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28/09/2016

Circular economy way of thinking embraced across EU

Sustainable Dev.

Circular economy way of thinking embraced across EU

European companies are beginning to embrace the concept of the circular economy, but even higher targets loom on the horizon.

[Selena/Flickr]

According to a new survey, 70% of EU companies are implementing a circular economy strategy, but there is still work to be done on renewable energy and water consumption. EurActiv’s partner Journal de l’Environnement reports.

The circular economy is a big picture concept and in a survey carried out by market research giant TNS between 18 and 27 April, it has been shown that the higher the sales revenue of a company, the more likely it is to apply a circular economy approach.

From a pool of 10,618 companies, 72% of small businesses and 89% of large companies (50 to 250 employees) are working towards a no-waste strategy. France ended up directly on the European average, with 74%, while Malta, Ireland and Luxembourg topped the list of the 28 member states.

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Specifically, one in two companies tried to reduce, reuse or sell their waste over the last three years. Less implemented strategies included energy reduction drives, which 38% of companies attempted, and reviewing products or services in order to use less resources or use more recycled material, which 34% of companies tried.

Lagging behind are water consumption reduction and reusing waste water, which only 19% of EU businesses considered. The same goes for renewable energies, which polled at only 16%.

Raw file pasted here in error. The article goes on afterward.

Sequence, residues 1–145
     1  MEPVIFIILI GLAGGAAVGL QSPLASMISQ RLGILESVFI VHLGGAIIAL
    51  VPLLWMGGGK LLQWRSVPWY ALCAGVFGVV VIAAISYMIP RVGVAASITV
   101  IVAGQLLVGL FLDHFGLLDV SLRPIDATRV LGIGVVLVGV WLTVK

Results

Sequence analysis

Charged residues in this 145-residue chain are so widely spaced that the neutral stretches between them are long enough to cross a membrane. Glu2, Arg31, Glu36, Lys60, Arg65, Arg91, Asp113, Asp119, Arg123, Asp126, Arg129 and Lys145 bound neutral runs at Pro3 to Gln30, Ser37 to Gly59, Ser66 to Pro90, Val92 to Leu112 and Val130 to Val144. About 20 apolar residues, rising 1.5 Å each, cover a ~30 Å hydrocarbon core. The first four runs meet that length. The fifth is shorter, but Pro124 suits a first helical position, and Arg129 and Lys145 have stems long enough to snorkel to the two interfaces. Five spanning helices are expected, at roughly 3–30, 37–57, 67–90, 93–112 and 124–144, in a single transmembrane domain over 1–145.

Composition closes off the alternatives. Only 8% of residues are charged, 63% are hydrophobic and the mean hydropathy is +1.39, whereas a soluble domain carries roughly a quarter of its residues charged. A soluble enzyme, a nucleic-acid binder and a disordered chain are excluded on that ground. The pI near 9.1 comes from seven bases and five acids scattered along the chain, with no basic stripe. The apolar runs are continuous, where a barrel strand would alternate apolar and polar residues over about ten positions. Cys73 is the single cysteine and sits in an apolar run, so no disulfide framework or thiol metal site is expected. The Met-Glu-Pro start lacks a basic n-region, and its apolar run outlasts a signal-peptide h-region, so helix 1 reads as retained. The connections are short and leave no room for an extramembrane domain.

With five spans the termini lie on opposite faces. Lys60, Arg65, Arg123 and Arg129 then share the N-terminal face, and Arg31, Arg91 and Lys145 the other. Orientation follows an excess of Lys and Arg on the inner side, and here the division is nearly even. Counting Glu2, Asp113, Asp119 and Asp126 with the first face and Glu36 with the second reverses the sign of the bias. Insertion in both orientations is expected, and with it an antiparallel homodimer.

In terms of financing, a majority has not hesitated to invest part of their revenue in the venture, with some 59% of businesses doing so.

However, six out of ten companies reported difficulties in pursuing their strategies. These included complex administrative or judicial hurdles (34%), significant costs incurred to meet standards (32%) and funding issues (27%).

According to the member states, there are different incentives in place for the circular economy. Only 35% of companies said they were aware of them and just 3% acknowledged that they had benefited from them.

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Just one in five companies said that the information provided on these government programmes is sufficient. Moreover, one in two admitted that they had never sought out these incentives.

The European Parliament published a report on 31 May that outlined its ambitions to revise the waste directives within the context of the new Circular Economy package, introduced in December by the European Commission.

Prepared by Italian MEP Simona Bonafé (S&D group), the strategy is more ambitious than the executive’s, particularly since it recommends reducing municipal waste by 10% by 2030. The Commission did not make such a recommendation.

Circular Economy to promote organic fertilisers

The Circular Economy Package will begin with a new regulation on the use of waste products in fertilisers, which could cut the EU’s phosphate imports by a third. EurActiv’s partner Journal de l’Environnement reports.

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The trade and services sectors would have to come up with fixed reduction targets by 2018 at the very latest and the EU as a whole will also have to halve food and marine waste by 2030.

The Ecodesign directive will also apply to construction materials, textiles and furniture. Finally, 70% of household waste and 80% of packaging will have to be recycled or reused by 2030. This is in contrast to the Juncker Commission’s goals of 65% and 75%, respectively. The report will be discussed at length by the Parliament’s ENVI committee on 15 June.

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